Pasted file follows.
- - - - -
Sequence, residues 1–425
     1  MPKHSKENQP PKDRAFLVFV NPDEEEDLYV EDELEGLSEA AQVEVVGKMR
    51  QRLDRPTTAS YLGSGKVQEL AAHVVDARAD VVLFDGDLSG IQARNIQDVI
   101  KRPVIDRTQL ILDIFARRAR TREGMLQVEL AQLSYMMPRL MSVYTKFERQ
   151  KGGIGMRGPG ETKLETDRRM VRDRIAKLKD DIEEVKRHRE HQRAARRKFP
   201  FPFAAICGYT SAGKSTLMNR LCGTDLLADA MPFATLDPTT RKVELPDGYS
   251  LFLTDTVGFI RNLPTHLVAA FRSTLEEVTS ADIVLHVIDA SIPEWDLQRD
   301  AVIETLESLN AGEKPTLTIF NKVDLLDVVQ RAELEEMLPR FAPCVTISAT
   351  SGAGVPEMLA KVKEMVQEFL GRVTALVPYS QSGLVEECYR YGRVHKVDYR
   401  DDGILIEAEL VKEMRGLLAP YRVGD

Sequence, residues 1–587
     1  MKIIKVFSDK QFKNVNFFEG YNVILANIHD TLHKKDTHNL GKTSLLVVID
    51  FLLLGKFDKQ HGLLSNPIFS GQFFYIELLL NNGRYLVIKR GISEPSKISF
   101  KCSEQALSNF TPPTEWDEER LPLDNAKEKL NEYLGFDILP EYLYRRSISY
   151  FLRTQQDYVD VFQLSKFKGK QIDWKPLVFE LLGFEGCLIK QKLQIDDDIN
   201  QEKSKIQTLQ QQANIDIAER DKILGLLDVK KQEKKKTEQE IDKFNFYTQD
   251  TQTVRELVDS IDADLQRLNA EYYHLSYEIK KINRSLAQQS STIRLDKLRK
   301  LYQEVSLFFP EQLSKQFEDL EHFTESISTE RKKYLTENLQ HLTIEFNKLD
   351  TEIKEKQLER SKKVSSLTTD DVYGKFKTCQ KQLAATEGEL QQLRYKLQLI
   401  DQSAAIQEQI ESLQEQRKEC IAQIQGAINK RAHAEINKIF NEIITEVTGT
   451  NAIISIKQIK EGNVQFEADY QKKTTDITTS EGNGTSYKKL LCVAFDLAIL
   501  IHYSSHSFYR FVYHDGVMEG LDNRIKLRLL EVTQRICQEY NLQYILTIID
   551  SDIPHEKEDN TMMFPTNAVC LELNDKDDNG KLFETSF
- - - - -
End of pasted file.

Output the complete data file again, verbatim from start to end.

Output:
Sequence, residues 1–425
     1  MPKHSKENQP PKDRAFLVFV NPDEEEDLYV EDELEGLSEA AQVEVVGKMR
    51  QRLDRPTTAS YLGSGKVQEL AAHVVDARAD VVLFDGDLSG IQARNIQDVI
   101  KRPVIDRTQL ILDIFARRAR TREGMLQVEL AQLSYMMPRL MSVYTKFERQ
   151  KGGIGMRGPG ETKLETDRRM VRDRIAKLKD DIEEVKRHRE HQRAARRKFP
   201  FPFAAICGYT SAGKSTLMNR LCGTDLLADA MPFATLDPTT RKVELPDGYS
   251  LFLTDTVGFI RNLPTHLVAA FRSTLEEVTS ADIVLHVIDA SIPEWDLQRD
   301  AVIETLESLN AGEKPTLTIF NKVDLLDVVQ RAELEEMLPR FAPCVTISAT
   351  SGAGVPEMLA KVKEMVQEFL GRVTALVPYS QSGLVEECYR YGRVHKVDYR
   401  DDGILIEAEL VKEMRGLLAP YRVGD

Sequence, residues 1–587
     1  MKIIKVFSDK QFKNVNFFEG YNVILANIHD TLHKKDTHNL GKTSLLVVID
    51  FLLLGKFDKQ HGLLSNPIFS GQFFYIELLL NNGRYLVIKR GISEPSKISF
   101  KCSEQALSNF TPPTEWDEER LPLDNAKEKL NEYLGFDILP EYLYRRSISY
   151  FLRTQQDYVD VFQLSKFKGK QIDWKPLVFE LLGFEGCLIK QKLQIDDDIN
   201  QEKSKIQTLQ QQANIDIAER DKILGLLDVK KQEKKKTEQE IDKFNFYTQD
   251  TQTVRELVDS IDADLQRLNA EYYHLSYEIK KINRSLAQQS STIRLDKLRK
   301  LYQEVSLFFP EQLSKQFEDL EHFTESISTE RKKYLTENLQ HLTIEFNKLD
   351  TEIKEKQLER SKKVSSLTTD DVYGKFKTCQ KQLAATEGEL QQLRYKLQLI
   401  DQSAAIQEQI ESLQEQRKEC IAQIQGAINK RAHAEINKIF NEIITEVTGT
   451  NAIISIKQIK EGNVQFEADY QKKTTDITTS EGNGTSYKKL LCVAFDLAIL
   501  IHYSSHSFYR FVYHDGVMEG LDNRIKLRLL EVTQRICQEY NLQYILTIID
   551  SDIPHEKEDN TMMFPTNAVC LELNDKDDNG KLFETSF